Angular JS CRUD Application With PHP Core Web API and MySQL Database

In this, tutorial, we are going to create a simple CRUD based Web API using Angular JS as middleware and PHP Core for backend service. This tutorial here aims at explaining how to create AngularJS application utilizing PHP Web Services and MySQL Database. We may skip the basic concept of AngularJS which is not part of this tutorial but you can get those concepts from the official documentation of Angular JS. We may skip the basic concept of AngularJS which is not part of this tutorial but you can get those concepts from the official documentation of AngularJS.

Database:

After starting Apache and MySQL ports from XAMPP or any other local server deployment application, first of all we need to create a database called “api” in phpmyadmin and create a table named “tbl_users” under the database with four attributes, ‘u_id‘, ‘u_name‘, ‘u_age‘, ‘u_phone‘, you can do that by using the Graphical User Interface (GUI) or running the following script:

Backend API:

Once the database is done, let’s move towards setting up your back end. We will create the Web API project in Visual Studio Code or any Text Editor of your choice and steps are pretty simple:

Step 1:

Open the location where your local server application like XAMPP/WAP is installed and go to directory called “C/xampp/htdocs“, this is the default server configuration of mine, you might have your own so you can navigate to your respective folder and create a directory named “api“. Boo yeah, you have created the folder. Time to connect the database in your app. A small reminder, your link will be like C/xampp/htdocs/api.

Step 2:

Now, start VS Code and open the folder you just created. Create a file including a connection to the database. Create a file named “connection.php”.

Step 3:

Try running the connection.php file in the browser by typing “localhost/api/connection.php” as the URL, if it returns “Connection Established you are good to continue.

Step 4:

Now create “insert.php” file and write the following code mentioned below. This file will be responsible for carrying out and handling the Request and Response system in the API whenever we insert data.

Step 5:

Now create the “update.php” file and write the following code mentioned below. This file will be responsible for carrying out and handling the Request and Response system in the API whenever we update data.

Step 6:

Now create the “select.php” file and write the following code mentioned below. This file will be responsible for carrying out and handling the Request and Response system in the API whenever we select data.

Step 7:

Now create the “select.php” file and write the following code mentioned below. This file will be responsible for carrying out and handling the Request and Response system in the API whenever we select data.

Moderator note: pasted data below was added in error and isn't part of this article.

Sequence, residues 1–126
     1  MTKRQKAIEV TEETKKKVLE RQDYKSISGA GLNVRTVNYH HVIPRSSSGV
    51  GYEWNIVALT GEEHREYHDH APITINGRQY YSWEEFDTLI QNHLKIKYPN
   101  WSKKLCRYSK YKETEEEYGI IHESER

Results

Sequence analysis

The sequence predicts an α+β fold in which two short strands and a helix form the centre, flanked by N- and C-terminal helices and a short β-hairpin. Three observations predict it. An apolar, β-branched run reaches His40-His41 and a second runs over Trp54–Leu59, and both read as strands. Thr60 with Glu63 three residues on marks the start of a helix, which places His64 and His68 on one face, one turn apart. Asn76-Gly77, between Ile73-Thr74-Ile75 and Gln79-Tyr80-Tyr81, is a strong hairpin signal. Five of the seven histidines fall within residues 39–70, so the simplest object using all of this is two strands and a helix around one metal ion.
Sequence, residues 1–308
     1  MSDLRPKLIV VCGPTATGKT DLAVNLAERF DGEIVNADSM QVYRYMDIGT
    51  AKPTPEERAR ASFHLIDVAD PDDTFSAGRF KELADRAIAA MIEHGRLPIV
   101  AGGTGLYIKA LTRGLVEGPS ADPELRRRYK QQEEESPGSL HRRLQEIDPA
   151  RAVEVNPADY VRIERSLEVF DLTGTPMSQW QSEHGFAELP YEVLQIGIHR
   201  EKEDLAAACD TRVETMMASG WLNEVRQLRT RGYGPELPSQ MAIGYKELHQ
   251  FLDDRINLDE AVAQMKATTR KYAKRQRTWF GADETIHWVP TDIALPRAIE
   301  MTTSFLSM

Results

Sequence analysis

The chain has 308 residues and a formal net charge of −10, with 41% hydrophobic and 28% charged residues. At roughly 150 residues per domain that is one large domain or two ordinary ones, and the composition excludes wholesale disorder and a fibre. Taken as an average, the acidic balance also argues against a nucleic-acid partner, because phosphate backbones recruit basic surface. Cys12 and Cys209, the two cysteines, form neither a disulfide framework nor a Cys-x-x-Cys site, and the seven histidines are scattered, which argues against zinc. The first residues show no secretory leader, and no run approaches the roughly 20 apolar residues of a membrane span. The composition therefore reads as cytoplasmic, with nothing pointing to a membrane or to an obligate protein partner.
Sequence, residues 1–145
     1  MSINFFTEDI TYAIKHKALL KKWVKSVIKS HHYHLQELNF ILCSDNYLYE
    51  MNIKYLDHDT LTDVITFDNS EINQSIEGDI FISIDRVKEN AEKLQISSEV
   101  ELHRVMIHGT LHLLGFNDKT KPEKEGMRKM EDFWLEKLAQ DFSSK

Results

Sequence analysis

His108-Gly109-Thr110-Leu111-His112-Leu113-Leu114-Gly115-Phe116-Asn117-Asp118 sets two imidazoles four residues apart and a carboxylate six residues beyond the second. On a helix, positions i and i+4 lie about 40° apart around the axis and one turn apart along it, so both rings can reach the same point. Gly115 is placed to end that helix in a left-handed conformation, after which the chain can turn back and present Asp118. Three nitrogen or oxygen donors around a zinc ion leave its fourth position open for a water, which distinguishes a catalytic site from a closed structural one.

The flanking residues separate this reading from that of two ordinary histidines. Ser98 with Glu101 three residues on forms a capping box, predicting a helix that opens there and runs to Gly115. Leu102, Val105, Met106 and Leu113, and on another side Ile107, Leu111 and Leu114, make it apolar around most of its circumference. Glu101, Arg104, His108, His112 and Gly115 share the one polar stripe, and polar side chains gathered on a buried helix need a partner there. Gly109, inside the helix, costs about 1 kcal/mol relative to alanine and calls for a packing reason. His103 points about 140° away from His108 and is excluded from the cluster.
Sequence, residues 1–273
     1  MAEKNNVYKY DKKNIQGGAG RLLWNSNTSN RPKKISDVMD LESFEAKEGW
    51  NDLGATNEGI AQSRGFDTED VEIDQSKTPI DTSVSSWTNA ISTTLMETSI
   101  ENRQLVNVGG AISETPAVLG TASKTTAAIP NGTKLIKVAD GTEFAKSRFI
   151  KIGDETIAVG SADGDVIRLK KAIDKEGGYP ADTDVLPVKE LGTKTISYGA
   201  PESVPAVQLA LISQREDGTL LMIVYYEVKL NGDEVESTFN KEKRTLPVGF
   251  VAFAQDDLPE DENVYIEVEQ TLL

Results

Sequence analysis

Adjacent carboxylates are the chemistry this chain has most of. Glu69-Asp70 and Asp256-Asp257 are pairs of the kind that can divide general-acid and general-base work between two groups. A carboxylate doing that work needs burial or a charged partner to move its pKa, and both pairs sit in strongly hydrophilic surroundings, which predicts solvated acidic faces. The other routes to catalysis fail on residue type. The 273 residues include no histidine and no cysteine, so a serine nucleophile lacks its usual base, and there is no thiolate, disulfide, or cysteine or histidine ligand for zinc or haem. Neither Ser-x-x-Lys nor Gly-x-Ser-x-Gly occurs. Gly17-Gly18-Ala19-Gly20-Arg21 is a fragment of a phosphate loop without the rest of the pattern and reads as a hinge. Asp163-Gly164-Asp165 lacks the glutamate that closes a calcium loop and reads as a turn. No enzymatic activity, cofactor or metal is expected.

We know from the name of the files that they are performing a specific function, but if we use them, what will be point of using an API, to create a front end, it will be a singular HTML file, yes an HTML file, because that is the point of our API, it is sending request to the server which is responding us with some result. This file is basically the visual interface for our API since all the above files are the backend.

Frontend Framework

Create a “home.html” file and write the following code as shown below.

On line 73 and forward of home.html basically, what we are doing is naming the angular module with the name “myApp” and defining it’s controller as “myCont“. Dependencies which we used are “$scope” (the glue between application controller and the view) and insert, update, select and delete files.

Then we create delete, insert, edit and retrieve methods which will be called from our view (home.html) to our controllers, the respective php files for each function by sending a request as seen with $http.post(“<controllers>.php”).

Basically, the point of this file is Angular JS sending a request to the server, the Angular code and callback functions are point to the specific pages where the request is being sent using a specific code block. This is what is the cause behind our HTML page inserting, updating, deleting and fetching the data on the webserver. And there guys, we have our code completed. Try running you API with going to the browser and posting the following URL, “localhost/api/home.html” and boo yeah, you have a working API. with complete CRUD (Create, Read, Update and Delete) function.

NOTE:

You will have to enter the first port number that you see under the Ports section of XAMPP. I have 80 so I do not have to pass it in my URL, if you have 81, 90 or 8080, you will have to enter your port after “localhost:<your-port>/api/home.html“.

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